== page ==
In a situation of harassment, aggression, or even outright assault, ESD acknowledges, many people are so unwilling to make a fuss that they quietly convince themselves that a situation can’t be urgent if others are allowing it. The psychologist and climate activist Margaret Klein Salamon makes a similar point about environmental collapse: People look to one another for cues as to how to behave. If everyone around us just shrugs and moves on, we assume that we are alone in our assessment of the situation, a phenomenon known as pluralistic ignorance.
Salamon offers a solution to pluralistic ignorance, one that is familiar within empowerment self-defense: Get loud. This can mean joining a climate march or participating in a climate strike—or talking to friends, families, and elected officials about the life and death nature of this crisis. When we make noise, literally and metaphorically, we also give others permission to put forward their demands for a safer, cleaner, more just world.
Fighting, in ESD training, refers to literal, combative action. But fighting also includes complete commitment. It entails using all the resources we have at hand: If one thing doesn’t work, try another, and don’t give up. Research on ESD suggests that active resistance works. Activism is effective when the improbable becomes normalized; personal and small group actions make such alternatives conceivable. Smaller efforts can encourage us to question a broader economic and political system built on the burning of fossil fuels and on industrial, animal-based agriculture.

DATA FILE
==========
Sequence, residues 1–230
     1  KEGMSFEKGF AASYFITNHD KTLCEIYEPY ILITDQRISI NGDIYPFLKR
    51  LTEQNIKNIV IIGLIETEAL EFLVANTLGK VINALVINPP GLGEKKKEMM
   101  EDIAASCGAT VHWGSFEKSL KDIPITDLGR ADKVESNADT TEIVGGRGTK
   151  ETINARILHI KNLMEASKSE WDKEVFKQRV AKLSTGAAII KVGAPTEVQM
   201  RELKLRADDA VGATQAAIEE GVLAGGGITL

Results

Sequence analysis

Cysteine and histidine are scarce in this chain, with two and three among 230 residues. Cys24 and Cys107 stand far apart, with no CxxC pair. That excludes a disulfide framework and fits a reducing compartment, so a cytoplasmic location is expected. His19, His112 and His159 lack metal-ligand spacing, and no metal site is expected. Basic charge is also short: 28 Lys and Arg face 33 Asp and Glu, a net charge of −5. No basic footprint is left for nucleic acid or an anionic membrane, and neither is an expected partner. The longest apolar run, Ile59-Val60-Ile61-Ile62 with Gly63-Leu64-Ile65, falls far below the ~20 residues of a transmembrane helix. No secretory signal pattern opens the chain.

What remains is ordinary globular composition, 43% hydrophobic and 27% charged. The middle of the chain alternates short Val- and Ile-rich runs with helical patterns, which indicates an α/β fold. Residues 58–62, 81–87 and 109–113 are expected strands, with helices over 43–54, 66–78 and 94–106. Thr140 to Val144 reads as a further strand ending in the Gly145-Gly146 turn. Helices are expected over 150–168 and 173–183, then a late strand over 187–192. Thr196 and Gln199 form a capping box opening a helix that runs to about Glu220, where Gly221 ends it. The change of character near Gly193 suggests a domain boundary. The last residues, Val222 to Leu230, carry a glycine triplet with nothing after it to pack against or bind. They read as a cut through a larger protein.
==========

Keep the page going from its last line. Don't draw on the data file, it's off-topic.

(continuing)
In order to protect life on our planet, we need to treat the climate crisis as the self-defense situation that it is. We do not fear climate catastrophe enough. When we cut through our denial, resist climate doom, call attention to the crisis, and recognize that we can make a difference, we can reshape our world, and push our leaders to enact better policies. Heeding our immediate responses to environmental breakdown—the surge of adrenaline and cortisol that can accompany images of disaster, the unease in the realization that our home or our neighborhood could be next, and the accompanying sense that we need to do something—can motivate us to save our environment. The key is reacting to these responses before we rationalize them away.
Effective self-defense harnesses fear and anger to generate an appropriate response. It focuses on the many things we can do, not on the one or two things we should do. Empowerment self-defense shows us that when we fight we expand our world rather than narrow it. And this is the most exciting lesson of all for the environmental movement: When we fight, we can win.